Is mainstream media responsible for “crazy bitches”?

A few weeks ago, I had the misfortune of being attacked via Facebook message by a girl I had never talked to before. In this message, she accused me of showing her “a different side” of her boyfriend and asked if I wanted to know the size of his penis, too (I didn’t).

My crime? I had the audacity to interview her boyfriend for a journalism assignment. That’s right—this girl was in a psychotic rage (she also later barred him from speaking to me ever again) over four harmless questions I had asked him for school.

So, naturally, this got me thinking: why are some girls so damn crazy? Why are men stupid enough to stay with these psychos? And, perhaps most importantly, how do mainstream media (i.e. TV, movies, magazines, commercials, etc.) condition these women to be insecure and pathetic lunatics?

Everywhere you look these days, we are bombarded with images of skinny, big breasted women with perfect hair, teeth, butts, and skin. If you’re a woman, you must strive to look like this. If you’re a man, you’re a nobody until you date one.

From the moment we become consumers of mainstream media, we are overwhelmingly conditioned to believe that perfection is beauty. For women, this leads to feelings of insecurity and inferiority. For men, images of buff and rugged men make even the most average of Joes feel the need to fuel their machismo with daily trips to the gym and trophy girlfriends (and it doesn’t matter how crazy the girl is as long as she’s smokin’ hot). Many girls are made to feel bad about themselves if they dare to be bigger than a size five and some men won’t even give you the time of day unless you’re fit enough.

“I would never date a fat chick,” says a fourth-year University of Western student who we’ll call ‘Willie.’ “I go to the gym a lot because image means a lot to me. I couldn’t go out with someone who didn’t feel the same.”
When asked if the way men and women are portrayed on television or in the movies had anything to do with his feelings, Willie said, “I guess it does. Everyone on TV and in the movies looks good. The women are always sexy and thin and the men are all jacked. But I think it’s better that way.”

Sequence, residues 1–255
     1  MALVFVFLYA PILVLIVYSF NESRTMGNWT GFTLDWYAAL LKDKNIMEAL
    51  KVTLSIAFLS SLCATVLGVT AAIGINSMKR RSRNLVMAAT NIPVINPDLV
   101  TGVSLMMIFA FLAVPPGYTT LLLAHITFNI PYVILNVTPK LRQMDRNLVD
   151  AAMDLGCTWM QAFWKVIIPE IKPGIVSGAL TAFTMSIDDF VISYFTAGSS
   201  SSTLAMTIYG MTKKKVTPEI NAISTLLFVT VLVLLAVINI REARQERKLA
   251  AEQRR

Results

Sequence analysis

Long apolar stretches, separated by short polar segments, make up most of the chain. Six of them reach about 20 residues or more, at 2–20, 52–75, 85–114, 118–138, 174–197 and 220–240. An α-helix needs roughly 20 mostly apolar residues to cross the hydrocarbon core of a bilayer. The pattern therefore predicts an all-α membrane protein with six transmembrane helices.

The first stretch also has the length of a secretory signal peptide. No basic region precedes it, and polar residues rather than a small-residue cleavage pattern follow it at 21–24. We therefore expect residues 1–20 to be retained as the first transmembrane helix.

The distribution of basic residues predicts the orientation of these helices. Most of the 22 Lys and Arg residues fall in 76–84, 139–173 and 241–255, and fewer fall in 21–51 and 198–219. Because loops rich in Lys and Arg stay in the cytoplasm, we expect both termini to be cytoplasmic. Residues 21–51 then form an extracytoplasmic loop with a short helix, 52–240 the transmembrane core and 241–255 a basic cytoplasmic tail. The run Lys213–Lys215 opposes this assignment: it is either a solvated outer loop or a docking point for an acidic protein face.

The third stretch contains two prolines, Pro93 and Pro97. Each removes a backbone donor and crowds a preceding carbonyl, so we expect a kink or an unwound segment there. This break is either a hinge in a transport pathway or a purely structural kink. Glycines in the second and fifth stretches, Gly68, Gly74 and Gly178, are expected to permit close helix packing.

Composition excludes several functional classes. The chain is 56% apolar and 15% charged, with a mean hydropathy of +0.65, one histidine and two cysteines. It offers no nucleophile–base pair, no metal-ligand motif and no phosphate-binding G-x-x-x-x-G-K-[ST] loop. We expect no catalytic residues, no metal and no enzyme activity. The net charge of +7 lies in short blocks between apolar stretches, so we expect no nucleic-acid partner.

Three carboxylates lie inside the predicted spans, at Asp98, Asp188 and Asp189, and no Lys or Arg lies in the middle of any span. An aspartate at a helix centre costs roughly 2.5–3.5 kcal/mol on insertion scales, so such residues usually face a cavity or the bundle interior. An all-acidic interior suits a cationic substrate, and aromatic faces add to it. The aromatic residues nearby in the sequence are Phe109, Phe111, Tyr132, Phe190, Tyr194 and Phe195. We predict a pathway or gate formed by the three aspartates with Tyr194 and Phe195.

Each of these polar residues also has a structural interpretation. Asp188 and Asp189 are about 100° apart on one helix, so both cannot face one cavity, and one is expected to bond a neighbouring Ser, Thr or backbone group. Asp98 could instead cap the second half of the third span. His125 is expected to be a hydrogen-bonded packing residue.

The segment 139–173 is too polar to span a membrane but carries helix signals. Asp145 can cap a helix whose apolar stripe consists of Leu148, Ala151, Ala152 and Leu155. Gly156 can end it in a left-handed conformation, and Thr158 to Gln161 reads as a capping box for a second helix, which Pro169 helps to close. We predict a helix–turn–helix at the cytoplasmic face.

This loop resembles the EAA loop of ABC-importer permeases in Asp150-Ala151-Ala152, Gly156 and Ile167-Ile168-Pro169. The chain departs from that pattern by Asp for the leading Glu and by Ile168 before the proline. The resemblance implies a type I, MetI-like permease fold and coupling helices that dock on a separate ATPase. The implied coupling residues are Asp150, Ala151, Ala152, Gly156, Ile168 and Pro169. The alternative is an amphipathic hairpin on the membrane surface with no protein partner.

For a third year Concurrent Education student at Laurier Brantford who we’ll call ‘Irene,’ this portrayal of women has had negative effects on her own self-esteem.

“It affects how I see myself because I would love to look like them. And even though I know it is unreal, I definitely feel intimidated by girls who look like that in real life. I would never approach a guy if one of those girls was talking to him.”

So what implications do these types of images have on our real life relationships? In addition to feelings of inferiority, there are also numerous conflicting messages regarding women as wives and girlfriends. On one hand, you have strong, independent women in relationships like Pam from The Office and Dr. Bailey from Grey’s Anatomy. But for every empowered woman you see on TV, you get an onslaught of certifiable crazies, as well. Take Terri Schuester from Glee—this woman is nuts! Not only is she manipulative and deceitful, but she is so insecure that she feels resentful of her husband’s job for “taking him away from her.” And don’t even get me started on Melissa from the movie, The Hangover, who is the epitome of the psycho girlfriend.

“I think those psycho bitches really put a negative stereotype on women in general,” says Irene. “I see these perfect girls on TV acting like psychos and I become a little apprehensive about talking to them in real life. And I hate how girls who are crazy bitches make it seem like women are always PMS-ing.”

According to Professor Rick Gamble, what is seen in popular culture, and specifically, in ads, has major social implications, especially when it comes to the distortion of values. “The notion of beauty has become so universal: white and skinny. And it’s just the same woman over and over again. These images objectify women and it does make us look at women in a different way.”

And it’s not just women who are portrayed negatively. Men are shown that it’s okay to be a cheater and a douche bag as long as the crazy ball and chain doesn’t find out (see: many of the characters played by actor Bradley Cooper). Men are supposed to be manly and sow their oats while pumping iron, growing beards, and sporting designer suits. Look at the music videos that have been dominating the airwaves for much of this decade—”Sexyback” by Justin Timberlake, “The Good Life” by Kanye West, and basically every rap video. The message is: if you don’t have the finest girls and the most expensive lifestyle, then you’re not a real man.

These images manifest themselves in real life when men begin pampering themselves with nice clothes, cars, and cologne to impress, well, everyone. And their women begin feeling insecure and questioning whether their boyfriends and husbands are up to no good. The slightest transgression—no matter how slight or non-existent—could lead to her sending a stark-raving Facebook message.

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